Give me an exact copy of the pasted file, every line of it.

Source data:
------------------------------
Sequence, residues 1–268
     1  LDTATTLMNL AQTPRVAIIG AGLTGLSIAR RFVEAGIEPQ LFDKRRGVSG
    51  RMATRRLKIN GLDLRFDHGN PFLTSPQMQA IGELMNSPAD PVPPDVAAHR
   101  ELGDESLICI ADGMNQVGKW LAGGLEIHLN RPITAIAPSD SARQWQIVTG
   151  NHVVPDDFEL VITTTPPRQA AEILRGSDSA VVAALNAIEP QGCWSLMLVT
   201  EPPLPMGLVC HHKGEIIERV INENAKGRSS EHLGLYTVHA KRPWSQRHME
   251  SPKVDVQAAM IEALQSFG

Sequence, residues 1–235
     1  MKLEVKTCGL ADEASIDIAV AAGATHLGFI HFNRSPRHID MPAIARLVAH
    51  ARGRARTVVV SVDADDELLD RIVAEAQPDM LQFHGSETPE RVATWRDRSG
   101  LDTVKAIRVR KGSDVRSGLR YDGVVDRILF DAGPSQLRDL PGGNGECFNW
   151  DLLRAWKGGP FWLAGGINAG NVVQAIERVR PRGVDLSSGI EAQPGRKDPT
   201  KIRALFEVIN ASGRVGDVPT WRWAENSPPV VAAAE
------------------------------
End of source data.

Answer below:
Sequence, residues 1–268
     1  LDTATTLMNL AQTPRVAIIG AGLTGLSIAR RFVEAGIEPQ LFDKRRGVSG
    51  RMATRRLKIN GLDLRFDHGN PFLTSPQMQA IGELMNSPAD PVPPDVAAHR
   101  ELGDESLICI ADGMNQVGKW LAGGLEIHLN RPITAIAPSD SARQWQIVTG
   151  NHVVPDDFEL VITTTPPRQA AEILRGSDSA VVAALNAIEP QGCWSLMLVT
   201  EPPLPMGLVC HHKGEIIERV INENAKGRSS EHLGLYTVHA KRPWSQRHME
   251  SPKVDVQAAM IEALQSFG

Sequence, residues 1–235
     1  MKLEVKTCGL ADEASIDIAV AAGATHLGFI HFNRSPRHID MPAIARLVAH
    51  ARGRARTVVV SVDADDELLD RIVAEAQPDM LQFHGSETPE RVATWRDRSG
   101  LDTVKAIRVR KGSDVRSGLR YDGVVDRILF DAGPSQLRDL PGGNGECFNW
   151  DLLRAWKGGP FWLAGGINAG NVVQAIERVR PRGVDLSSGI EAQPGRKDPT
   201  KIRALFEVIN ASGRVGDVPT WRWAENSPPV VAAAE